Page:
What is the dominant point of view of "My Last Duchess"?

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accessteacher | High School Teacher | (Level 3) Distinguished Educator

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Let us remember that this excellent poem is written as a dramatic monologue, which is a poem where one character addresses one or more listeners who remain silent. Thus, when we consider the point of view of the poem, it is clear that it is first person, as is made evident from the reference to "I" and "my" in the opening of the poem:

That's my last Duchess painted on the wall,

Looking as if she were alive. I call

That piece a wonder, now...

It is the Duke's narrative and his personality that clearly dominates and characterises the poem. We are able to see things from his point of view, and of course, as we hear, just as the envoy hears, the Duke's story about what happened to his last duchess, we are left to fill in the gaps of the rather curtailed description we are given, suggesting that the last duchess met a rather more brutal end at the hand of the duke than is overtly suggested.

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William Delaney | (Level 3) Distinguished Educator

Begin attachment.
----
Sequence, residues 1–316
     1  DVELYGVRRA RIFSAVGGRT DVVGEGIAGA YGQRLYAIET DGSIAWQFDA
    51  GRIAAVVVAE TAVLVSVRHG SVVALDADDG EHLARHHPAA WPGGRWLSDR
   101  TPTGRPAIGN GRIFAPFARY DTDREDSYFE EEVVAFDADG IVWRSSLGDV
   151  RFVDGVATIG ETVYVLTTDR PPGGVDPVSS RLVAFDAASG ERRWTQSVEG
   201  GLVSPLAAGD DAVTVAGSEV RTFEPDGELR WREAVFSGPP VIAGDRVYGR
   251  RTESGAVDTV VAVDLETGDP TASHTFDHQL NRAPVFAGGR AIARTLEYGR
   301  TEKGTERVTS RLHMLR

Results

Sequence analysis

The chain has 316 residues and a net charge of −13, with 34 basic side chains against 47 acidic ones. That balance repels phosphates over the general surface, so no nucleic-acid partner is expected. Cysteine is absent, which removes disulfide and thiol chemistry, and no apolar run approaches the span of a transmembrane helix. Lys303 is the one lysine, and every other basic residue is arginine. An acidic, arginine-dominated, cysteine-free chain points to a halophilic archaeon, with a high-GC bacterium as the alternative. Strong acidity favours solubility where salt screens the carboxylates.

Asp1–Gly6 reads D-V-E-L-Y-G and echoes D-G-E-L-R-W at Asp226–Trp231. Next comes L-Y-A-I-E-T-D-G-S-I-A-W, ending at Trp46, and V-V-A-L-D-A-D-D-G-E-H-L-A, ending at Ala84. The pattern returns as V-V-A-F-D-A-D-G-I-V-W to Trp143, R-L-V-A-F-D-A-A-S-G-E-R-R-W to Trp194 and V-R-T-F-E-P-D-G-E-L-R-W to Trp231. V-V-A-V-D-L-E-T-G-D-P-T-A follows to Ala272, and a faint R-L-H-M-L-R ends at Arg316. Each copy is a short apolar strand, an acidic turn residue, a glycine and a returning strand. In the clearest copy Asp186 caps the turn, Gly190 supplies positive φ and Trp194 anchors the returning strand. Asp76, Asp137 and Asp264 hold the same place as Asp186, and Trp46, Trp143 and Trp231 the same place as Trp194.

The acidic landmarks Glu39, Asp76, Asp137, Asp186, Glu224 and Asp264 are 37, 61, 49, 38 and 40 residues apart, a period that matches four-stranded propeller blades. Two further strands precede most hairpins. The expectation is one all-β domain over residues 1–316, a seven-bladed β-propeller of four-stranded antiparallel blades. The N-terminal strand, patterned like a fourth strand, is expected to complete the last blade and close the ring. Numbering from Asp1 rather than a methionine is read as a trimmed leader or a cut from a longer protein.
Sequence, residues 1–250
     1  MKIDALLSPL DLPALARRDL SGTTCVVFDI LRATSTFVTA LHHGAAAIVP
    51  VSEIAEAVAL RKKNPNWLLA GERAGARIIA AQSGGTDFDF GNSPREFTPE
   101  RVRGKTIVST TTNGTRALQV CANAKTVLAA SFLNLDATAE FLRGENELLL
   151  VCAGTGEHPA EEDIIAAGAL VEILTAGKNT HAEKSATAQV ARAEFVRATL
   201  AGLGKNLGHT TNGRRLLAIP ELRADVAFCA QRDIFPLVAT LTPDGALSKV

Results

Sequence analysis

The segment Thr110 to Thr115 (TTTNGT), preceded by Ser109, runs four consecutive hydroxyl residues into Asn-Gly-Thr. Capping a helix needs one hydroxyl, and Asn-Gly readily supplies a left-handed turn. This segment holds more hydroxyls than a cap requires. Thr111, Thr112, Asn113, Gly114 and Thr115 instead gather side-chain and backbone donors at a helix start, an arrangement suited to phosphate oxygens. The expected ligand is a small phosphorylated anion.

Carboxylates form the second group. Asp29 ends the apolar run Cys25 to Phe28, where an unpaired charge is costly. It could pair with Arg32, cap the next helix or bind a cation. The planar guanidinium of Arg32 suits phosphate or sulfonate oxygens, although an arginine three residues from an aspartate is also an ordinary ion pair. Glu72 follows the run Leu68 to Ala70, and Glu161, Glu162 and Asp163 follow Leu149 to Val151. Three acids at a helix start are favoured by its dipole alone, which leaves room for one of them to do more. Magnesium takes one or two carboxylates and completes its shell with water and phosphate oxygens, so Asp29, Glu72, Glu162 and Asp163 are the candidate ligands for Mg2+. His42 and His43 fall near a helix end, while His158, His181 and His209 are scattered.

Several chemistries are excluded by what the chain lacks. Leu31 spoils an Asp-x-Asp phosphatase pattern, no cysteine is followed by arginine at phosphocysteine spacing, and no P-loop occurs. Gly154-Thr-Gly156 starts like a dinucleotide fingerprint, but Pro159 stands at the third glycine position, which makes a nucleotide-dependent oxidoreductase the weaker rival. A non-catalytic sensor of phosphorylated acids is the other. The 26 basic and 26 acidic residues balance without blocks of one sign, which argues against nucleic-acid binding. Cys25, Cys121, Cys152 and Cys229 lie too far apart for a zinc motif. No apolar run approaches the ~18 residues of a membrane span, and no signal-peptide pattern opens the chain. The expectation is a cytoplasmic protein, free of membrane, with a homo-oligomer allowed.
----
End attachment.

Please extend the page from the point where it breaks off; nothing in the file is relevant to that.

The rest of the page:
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The dominant point of view is that of the Duke, who is the sole speaker in this famous dramatic monologue. What is unusual about the point of view is that, although the Duke is speaking to a visitor representing the father of his fiancee, the speaker, throughout most of the poem, appears to be looking at the portrait of the beautiful young wife he had murdered. The excellent portrait by Fra Pandolf is so lifelike that the Duke seems to be seeing his living last duchess standing before him. Early in the poem he says, "...and there she stands," and towards the end he says, "And there she stands / As if alive." It is an indication of his insensitive nature that he would even consider showing the portrait to his visitor, whom he had brought upstairs to a private room to discuss the dowry he expected to be brought by the young woman he intends to marry next (unless the visitor is so horrified by this scene and this interview that he urges his master to call the wedding off). It is a further indication of the Duke's wicked character that he would even keep the portrait, or that he would be able to look at it and remember what he had done to a beautiful young woman whose character was as angelic as his description of her reveals.


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